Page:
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Empowering women in the ministry of speaking and writing: 12 tips from a “Professional Words Girl”

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Hey girl, you got something to say? // I’m thrilled to introduce you to one of my favorite authors and speakers today – Bo Stern. Bo just happens to be a girl and she just happens to have a powerful ministry of speaking and writing, both inside and outside of the church. I asked her to share encouragement and advice for other women who feel like God’s leading them to minister through speaking or writing publicly (whether or not you’ve actually “gone public” yet). And she. has. delivered. As you might have guessed, ‘Professional Words Girl’ isn’t Bo’s real title. Her real title is ‘Super Awesome Inspiring Woman Who Blesses Everyone Around Her Just By Being Her’. (I still can’t figure out why her business cards say otherwise.) I’m incredibly grateful Bo has taken the time to share in my 31 Days of Women Empowering Women series (thank you, Bo! xo), and I know you’ll be empowered by the wisdom her years of experience have afforded her.

 

12 practical tips from author and pastor, Bo Stern: Empowering women in the ministry of writing and speaking.

I am a words girl.  And since you’re reading Adriel’s amazing blog, I’m guessing you are as well.  I’ve been a speaker and writer in the church for many years and I’m also a voice for the ALS community, so I use words for a living both in and out of religious settings.  I love my job and I love to see other women step up and begin to realize that they have a story and a voice.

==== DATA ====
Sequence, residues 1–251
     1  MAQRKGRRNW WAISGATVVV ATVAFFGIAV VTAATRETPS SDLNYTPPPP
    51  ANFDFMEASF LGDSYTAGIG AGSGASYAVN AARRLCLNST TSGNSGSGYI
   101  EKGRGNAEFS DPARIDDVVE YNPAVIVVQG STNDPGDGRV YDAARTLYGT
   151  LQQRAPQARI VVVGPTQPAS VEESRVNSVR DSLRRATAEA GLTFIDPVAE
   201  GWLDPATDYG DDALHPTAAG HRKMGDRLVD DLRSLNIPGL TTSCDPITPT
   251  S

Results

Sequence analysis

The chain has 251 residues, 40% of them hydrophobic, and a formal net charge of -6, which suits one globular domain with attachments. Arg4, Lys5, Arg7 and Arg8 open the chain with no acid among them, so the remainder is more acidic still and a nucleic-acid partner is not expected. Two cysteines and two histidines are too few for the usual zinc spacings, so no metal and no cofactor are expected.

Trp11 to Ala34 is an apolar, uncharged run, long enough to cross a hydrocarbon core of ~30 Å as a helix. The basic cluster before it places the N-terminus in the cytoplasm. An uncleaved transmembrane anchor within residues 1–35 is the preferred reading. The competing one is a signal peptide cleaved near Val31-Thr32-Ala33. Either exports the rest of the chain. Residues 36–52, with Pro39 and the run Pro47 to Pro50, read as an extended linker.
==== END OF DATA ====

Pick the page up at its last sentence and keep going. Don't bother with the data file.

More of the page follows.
Though women have come a long way in the past hundred years, the gender debate still rages inside the walls of the church (and women currently represent about 20% of clergy in America[1]).  I’m not here to convince you one way or another and I wouldn’t even if I could.  Each woman needs to know and own her position theologically and there aren’t any short cuts.  Read, research and pray.  Do the work of figuring it out.  And if you come to the conclusion that you are also a words girl and you’d love to use those words to strengthen the church, here are a dozen tips, gathered from the towering mountain of my own mistakes.

1. Weaknesses are usually a strength gone viral.  Women who are gifted at using words to make a case for the goodness of God may also be tempted to use words as a way to build a case against someone else.  And they will probably be able to do it quite effectively.  Women who are confident enough to step up on a platform and preach, may also struggle when they aren’t noticed and aren’t seen. We need God to harness our strength for His purposes and give Him permission to show us the places that need correction, healing or maturity.

2. My children want to be children and not sermon illustrations. (Yeah, learned this one the painful way.)  Draw clear lines between what is for the public and what is not.  Our homes need to be safe.  Our relationships are sacred and nothing in my career or calling is worth risking the trust of the ones I love the most.